I stretched my neck and shoulders and sat up straight. A few new people were standing in the waiting room doorway. Observing them, I saw they all knew the drill, going directly to the check-in machines, rapidly tapping on the screen and taking their numbers without even glancing at them.
The amplified female voice came back on. “O366 to Window 20.” That was me. I had calculated where Window 20 should be so I jumped out of my chair and headed for the doorway that would be closest to it. I was right. The window screen was up, and I took a seat to face my opponent. He turned out to be a balding, middle-aged bureaucratic type with a pen-protector in his shirt pocket. He greeted me politely and asked for my identification. I dealt out my full hand of social security card, driver’s license, passport, and birth certificate. His head shot back a little. “Just your card and driver’s license are fine.”
After looking them over he glanced at me. Apparently satisfied, he clicked keys on his computer. “What’s your mother’s maiden name?”
“No, her maiden name.”
“Her maiden name and married name are the same,” I responded, wanting to clarify that my parents weren’t related and there are few Swedish surnames, but I refrained.
He made a few more clicks, then leaned back and steepled his fingers. “So, how can I help you today?”
I launched into the facts of my work history, including my exact starting date of March 3, 1969, to give myself credibility. Handing over the Social Security Benefits Statement, I pointed out the “0” amount of contributions shown for the contested years.
He studied the statement with pursed lips for several moments before looking up. “Do you have any pay stubs from this time period?”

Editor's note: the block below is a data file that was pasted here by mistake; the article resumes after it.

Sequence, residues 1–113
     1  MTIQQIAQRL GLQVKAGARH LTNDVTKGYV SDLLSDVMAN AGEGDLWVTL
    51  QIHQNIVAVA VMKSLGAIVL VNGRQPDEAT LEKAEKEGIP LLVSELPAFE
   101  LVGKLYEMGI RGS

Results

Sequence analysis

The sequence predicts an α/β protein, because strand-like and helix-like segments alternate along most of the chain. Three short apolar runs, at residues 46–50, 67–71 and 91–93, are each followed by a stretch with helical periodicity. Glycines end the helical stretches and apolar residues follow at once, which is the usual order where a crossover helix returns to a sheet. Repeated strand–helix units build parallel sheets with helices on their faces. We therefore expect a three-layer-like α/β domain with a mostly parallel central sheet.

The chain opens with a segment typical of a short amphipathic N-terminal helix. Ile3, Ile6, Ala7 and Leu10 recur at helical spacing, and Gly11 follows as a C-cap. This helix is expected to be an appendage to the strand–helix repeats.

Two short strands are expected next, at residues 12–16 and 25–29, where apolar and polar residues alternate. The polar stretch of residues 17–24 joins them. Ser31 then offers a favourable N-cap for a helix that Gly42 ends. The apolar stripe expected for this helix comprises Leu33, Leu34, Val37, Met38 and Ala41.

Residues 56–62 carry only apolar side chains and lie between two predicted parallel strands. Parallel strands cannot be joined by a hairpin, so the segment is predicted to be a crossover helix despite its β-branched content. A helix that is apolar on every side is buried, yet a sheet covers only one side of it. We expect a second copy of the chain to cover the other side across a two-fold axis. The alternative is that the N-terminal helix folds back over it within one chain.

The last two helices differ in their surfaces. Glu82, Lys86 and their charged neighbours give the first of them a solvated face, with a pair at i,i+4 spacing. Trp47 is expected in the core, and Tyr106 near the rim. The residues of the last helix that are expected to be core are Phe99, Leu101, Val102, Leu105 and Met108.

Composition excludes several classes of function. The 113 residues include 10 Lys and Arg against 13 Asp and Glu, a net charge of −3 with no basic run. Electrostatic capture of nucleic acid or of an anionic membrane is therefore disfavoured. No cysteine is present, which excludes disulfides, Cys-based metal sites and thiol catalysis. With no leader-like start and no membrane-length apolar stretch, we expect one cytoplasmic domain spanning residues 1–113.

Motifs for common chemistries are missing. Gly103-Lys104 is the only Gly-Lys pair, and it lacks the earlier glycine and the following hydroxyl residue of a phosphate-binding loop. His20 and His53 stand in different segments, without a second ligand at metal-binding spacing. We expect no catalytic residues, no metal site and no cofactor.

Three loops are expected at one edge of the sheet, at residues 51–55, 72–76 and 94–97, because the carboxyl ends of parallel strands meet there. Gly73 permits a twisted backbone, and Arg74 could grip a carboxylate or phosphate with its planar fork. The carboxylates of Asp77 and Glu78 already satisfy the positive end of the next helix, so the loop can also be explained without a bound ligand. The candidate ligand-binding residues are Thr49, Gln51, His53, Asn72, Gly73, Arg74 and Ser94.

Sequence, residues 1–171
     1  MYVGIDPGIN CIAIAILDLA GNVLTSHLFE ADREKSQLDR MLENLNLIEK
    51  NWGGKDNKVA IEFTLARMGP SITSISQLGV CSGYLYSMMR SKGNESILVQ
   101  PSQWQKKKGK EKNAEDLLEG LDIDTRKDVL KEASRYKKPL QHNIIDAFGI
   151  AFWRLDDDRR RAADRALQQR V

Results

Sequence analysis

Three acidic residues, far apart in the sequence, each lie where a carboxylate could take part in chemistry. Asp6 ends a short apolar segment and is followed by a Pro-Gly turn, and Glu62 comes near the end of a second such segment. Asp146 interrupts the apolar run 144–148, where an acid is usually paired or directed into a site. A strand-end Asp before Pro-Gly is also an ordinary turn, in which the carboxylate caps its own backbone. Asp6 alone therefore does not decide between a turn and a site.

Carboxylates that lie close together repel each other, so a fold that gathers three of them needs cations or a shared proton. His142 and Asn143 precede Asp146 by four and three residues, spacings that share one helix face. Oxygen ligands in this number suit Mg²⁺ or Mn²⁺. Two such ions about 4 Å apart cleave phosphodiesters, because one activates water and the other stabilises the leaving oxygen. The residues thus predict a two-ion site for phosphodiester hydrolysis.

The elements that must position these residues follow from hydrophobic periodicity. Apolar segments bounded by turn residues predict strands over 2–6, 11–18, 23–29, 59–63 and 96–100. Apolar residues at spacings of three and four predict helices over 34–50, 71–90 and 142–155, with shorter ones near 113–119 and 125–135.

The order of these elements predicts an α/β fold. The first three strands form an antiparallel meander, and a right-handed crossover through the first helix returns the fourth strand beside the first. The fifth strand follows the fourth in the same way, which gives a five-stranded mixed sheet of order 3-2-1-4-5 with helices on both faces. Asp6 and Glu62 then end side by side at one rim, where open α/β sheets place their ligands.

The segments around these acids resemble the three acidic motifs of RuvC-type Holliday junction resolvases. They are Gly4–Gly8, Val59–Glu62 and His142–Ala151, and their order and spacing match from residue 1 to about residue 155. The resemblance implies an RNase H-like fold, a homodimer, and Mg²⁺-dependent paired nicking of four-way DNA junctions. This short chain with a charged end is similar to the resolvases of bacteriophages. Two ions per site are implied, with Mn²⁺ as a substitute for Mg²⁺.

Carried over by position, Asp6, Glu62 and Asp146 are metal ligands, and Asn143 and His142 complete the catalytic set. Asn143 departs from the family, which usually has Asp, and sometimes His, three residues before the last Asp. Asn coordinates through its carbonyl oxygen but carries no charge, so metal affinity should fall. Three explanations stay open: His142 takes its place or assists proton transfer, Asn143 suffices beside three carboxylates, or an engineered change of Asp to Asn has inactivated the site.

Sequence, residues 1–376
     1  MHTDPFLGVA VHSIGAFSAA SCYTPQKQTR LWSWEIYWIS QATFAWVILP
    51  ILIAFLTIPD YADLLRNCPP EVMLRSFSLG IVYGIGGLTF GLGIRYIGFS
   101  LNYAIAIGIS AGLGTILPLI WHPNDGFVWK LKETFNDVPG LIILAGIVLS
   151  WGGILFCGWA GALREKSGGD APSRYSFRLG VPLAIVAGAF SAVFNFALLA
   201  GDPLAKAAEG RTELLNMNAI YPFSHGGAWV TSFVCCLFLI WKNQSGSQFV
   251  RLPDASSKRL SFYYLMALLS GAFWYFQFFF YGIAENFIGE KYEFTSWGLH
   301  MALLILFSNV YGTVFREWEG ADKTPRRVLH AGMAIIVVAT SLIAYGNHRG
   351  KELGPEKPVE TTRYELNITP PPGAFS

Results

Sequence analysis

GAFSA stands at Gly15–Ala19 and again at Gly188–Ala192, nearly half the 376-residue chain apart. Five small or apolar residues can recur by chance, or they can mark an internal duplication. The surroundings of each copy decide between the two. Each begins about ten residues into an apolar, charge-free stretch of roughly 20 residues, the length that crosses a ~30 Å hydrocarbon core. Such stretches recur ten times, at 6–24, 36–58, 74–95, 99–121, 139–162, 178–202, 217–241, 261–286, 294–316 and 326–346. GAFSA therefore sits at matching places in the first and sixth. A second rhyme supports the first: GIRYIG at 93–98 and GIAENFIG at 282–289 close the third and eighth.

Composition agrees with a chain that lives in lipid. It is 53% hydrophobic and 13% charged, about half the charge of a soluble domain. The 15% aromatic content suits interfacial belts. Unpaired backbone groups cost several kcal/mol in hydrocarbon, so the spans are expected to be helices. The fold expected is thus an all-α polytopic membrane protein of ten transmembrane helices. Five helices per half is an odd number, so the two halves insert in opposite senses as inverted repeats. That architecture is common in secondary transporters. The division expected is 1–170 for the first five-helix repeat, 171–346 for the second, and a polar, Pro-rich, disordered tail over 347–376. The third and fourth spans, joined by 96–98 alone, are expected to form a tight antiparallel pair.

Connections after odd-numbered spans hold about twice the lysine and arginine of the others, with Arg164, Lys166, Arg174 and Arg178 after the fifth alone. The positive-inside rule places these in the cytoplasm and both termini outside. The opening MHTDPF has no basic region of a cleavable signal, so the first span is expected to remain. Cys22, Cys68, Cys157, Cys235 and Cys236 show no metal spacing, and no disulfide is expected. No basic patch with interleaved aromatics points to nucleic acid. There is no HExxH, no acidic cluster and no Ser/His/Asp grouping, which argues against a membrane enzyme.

I struggled to keep my expression neutral. “I’m sorry. I don’t.”
He waved his hand dismissively. “No, of course not. That’s understandable.” He stabbed the statement with an index finger. “I believe you that you worked these years, and I want you to get every dime that’s coming to you. It’s just that we need some proof.”
I nodded solemnly. “I was hoping Social Security could get access to Cook County records,” I said softly.
He sighed and shook his head. “I think you should go to the IRS for that. We base our payments on their records.”
I was sure my lower lip had jutted out again.
He turned back to his computer, his forehead scrunched in thought. After several seconds his face cleared, he swung out of his chair, and stood. “I’ll be right back. There’s another agent who’s had more experience with this.” With what exactly, I wondered.
As promised, my agent soon returned with another 50-something man in tow who introduced himself as Agent Pickens. He told me he had been briefed on my case, but asked a few questions about my work history. After a short discussion he said, “I don’t want you to get your hopes up,” No problem there. “but I’m going to flag your case for a month to scour any records for your social.” (security number)
I was getting my hopes up. “Thanks. Anything that might help.”
Agent Pickens looked off into space. “What I’m afraid of,” he drawled, “is that prior to 1973 many county departments didn’t pay into social security but into a pension fund instead. I think you should call Cook County pensions and see if you can get connected to someone who’s been around for a while who may remember. Maybe they owe you pension money.”
The ball was back in my court, but I wasn’t going to give up this time. I would call the Pension Board. I would also contact an old friend who worked at Public Aid the same years I did and see what social security she was receiving. I would even contact a cousin who's retired from Social Security to see if she has any ideas.
I thanked both of the agents for their time and help. Agent Pickens handed me his personal business card. “Call me if you learn anything and I’ll do the same.” They both smiled and wished me luck.
Making my way back to the waiting room, I checked my watch. It wasn’t yet two o’clock. Passing by the security guard, I held up my wrist and tapped on my watch face. “You were right about the time.”
The guard beamed and I smiled back, heading out the door no richer, but having a plan and feeling better about myself.